Sub-zero sojourn into flow country's remote parts
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OUT AND ABOUT WITH RALPH: A frozen landscape of dubh lochs and bog offers tough but rewarding walking into the wilds
Loch More is only a short journey from Thurso – people often go out there to walk dogs, it’s the most accessible flow country loch. Before the clearances, there were small settlements and shielings and later several isolated shepherds’ and gamekeepers’ cottages remained.
Now, you quickly enter wild and empty country beyond the road-end.
It was clear and calm with a temperature of minus five as I set out to walk the two miles up the track to Backlass. The loch was frozen and I crunched through a thin covering of snow.
A mile on is Achscoriclate in a fine setting just above the shore of the loch. The house is now just an empty shell but was an inhabited three-roomed cottage when I first knew it.
Soon I reached Backlass, the normally very wet track was frozen hard. This must have been a fine place to live, high up with a vista over miles of empty moorland. Now the house is decaying fast, windows are missing or broken and the rooms are full of rubbish.
Frozen conditions are ideal for crossing the flows, the normally wettest places give the easiest walking, though it is still hard going. There was enough snow to look attractive but not enough for cross-country skiing. I headed south-east, another long mile to Loch Sand but the frozen dubh-lochs a delight to walk across easily instead of picking a tortuous route through the bog.
Below was the loch, gleaming under an unbroken blue sky. There was no wind at all, complete silence with white empty country stretching for miles around, you had to look hard to see any sign at all of mankind. The only sound indeed was that of my clicking mechanical heart-valves!
It is always rough, wet going along peatland loch shores, so it was wonderful just to amble easily southwards over the hard-frozen and snow-dusted Loch Sand in the sunshine.
I kept near the shore for safety where I knew the water was shallow. At the southern end, the ice was thinner where burns enter and leave the loch, so I regained the shore and immediately found much harder going, the first difficulty being to leap across the deep and slow-moving outlet.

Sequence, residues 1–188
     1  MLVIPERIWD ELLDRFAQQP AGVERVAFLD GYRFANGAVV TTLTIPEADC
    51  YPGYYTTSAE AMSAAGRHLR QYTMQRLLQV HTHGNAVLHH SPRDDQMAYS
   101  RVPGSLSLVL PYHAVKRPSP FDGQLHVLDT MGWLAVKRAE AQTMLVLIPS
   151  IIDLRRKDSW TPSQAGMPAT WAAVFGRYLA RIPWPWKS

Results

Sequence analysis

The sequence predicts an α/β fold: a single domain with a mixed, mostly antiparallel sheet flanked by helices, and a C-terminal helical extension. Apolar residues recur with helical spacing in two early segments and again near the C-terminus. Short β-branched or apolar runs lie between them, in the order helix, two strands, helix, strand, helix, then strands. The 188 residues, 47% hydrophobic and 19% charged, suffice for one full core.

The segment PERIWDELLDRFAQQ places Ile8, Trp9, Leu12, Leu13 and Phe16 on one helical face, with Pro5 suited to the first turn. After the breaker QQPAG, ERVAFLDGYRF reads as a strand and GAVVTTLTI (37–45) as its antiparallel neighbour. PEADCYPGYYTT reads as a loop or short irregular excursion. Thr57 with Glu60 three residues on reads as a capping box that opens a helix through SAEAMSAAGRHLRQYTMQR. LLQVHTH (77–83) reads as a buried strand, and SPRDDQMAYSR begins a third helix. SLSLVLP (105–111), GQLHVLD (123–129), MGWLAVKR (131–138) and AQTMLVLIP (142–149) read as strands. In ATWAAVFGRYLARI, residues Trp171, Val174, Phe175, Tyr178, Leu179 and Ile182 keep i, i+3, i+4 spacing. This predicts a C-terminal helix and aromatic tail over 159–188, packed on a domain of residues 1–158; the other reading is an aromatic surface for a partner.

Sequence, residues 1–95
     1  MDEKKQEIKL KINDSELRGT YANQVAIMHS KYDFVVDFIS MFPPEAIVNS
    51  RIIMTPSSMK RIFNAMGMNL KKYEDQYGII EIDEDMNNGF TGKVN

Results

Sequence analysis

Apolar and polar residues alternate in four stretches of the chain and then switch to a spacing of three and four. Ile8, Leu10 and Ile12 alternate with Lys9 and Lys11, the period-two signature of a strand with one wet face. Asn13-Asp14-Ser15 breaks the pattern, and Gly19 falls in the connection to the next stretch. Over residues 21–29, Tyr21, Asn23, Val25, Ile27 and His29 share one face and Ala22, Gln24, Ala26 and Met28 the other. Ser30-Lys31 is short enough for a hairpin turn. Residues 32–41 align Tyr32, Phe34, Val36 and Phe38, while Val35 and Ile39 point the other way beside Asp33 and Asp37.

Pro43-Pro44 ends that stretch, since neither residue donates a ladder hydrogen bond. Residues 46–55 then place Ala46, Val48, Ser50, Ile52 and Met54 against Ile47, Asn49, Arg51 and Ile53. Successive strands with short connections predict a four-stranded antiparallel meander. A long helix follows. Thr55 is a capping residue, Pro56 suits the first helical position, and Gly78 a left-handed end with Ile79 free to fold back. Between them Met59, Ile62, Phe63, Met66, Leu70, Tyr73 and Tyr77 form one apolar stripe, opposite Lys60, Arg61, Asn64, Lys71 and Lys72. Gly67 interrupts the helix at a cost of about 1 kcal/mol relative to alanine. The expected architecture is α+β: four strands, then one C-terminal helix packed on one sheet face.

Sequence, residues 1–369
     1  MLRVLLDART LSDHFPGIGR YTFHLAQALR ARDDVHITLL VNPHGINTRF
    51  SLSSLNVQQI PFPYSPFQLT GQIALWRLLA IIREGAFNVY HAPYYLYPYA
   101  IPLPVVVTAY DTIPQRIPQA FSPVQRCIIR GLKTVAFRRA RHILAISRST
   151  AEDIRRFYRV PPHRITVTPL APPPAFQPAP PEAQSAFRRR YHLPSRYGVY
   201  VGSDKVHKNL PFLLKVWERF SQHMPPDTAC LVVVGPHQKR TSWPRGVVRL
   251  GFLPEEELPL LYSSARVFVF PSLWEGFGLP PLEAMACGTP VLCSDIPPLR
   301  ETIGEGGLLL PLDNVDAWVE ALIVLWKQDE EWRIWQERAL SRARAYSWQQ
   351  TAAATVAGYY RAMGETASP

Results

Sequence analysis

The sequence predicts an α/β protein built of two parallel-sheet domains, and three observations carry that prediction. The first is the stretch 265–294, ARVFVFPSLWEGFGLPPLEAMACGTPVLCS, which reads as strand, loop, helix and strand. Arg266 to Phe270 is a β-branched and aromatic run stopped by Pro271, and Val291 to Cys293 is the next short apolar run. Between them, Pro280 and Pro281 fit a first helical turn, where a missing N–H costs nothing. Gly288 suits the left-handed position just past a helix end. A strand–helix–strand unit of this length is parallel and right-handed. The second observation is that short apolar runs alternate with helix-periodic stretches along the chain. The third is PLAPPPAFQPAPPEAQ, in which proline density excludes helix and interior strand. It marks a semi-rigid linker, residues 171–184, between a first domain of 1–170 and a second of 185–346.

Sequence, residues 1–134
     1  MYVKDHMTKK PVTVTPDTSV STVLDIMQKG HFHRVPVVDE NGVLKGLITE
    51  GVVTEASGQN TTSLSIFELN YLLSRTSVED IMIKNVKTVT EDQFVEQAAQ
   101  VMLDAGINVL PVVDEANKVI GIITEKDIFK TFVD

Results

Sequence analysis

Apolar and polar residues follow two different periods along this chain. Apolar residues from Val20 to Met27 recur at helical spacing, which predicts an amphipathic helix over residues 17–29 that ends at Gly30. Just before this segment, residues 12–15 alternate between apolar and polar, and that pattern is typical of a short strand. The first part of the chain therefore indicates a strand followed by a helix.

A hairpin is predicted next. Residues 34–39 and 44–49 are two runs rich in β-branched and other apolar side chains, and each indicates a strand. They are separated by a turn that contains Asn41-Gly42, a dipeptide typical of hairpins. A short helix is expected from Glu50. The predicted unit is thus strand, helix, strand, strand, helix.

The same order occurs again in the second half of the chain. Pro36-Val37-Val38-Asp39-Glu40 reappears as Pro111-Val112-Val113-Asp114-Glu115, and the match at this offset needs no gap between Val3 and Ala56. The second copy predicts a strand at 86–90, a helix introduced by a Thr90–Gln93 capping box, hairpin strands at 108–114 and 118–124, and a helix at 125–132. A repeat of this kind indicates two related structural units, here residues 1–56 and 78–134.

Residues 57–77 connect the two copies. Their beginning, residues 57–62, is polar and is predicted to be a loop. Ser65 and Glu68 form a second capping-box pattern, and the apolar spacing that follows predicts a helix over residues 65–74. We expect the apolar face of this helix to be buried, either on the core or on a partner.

Rough moorland with big tussocks now gave some very hard going but it was just another mile to my main objective for the day. On a little hilltop, Cnoc na Crois, stands Clach na Ciplich, all that remains of what was once a large slab of rock with an inscribed cross dating back to the seventh or eighth century.
It took a bit of a search to find it, just a fragment like a gravestone and with imagination you could make out part of a cross. The silent white moors stretched for miles towards the Caithness mountains, the only signs of mankind being a few faint quad-bike tracks and some distant forestry plantations.
It was another long, hard mile through tussock, rush and frozen bog before the old Thulachan Lodge appeared ahead. This long, low building of a dozen rooms once boasted all mod-cons including hot water and flush toilets but was already mostly derelict 40 years ago. Now most of the windows are out, the floors are rotting and the rooms are full of debris. The route to it has been lost in the bogs and a visit is only for the brave unless it is very dry or frozen hard.
The old building is in an idyllic spot above Lochan Thulachan, a loch full of trout to judge from the 1903 fishing tally which can still be seen pencilled on a wall of the end room.
Once again I strode out over a frozen white loch before picking up a quad-bike track heading back to the old shepherd’s house of Balavreed. Forty years ago this building still gave a comfortable bothy night, now it is a complete ruin with little remaining of the roof.
An easy walk led back to Loch More, the boggy sections of the track frozen. The area to the east was saved at the last minute from disastrous tax-dodge forestry plantings, it was already fenced and roaded but the government at last recognised the folly of these schemes and removed the subsidies.
We need policy-makers to see similar sense and stop offering constraint payments to yet more useless and destructive wind farms in Caithness, which have no conceivable means of exporting or storing most of the electricity they produce.
The sun was setting over frozen Loch More, a few dog-walkers were out and the thermometer was still reading minus five.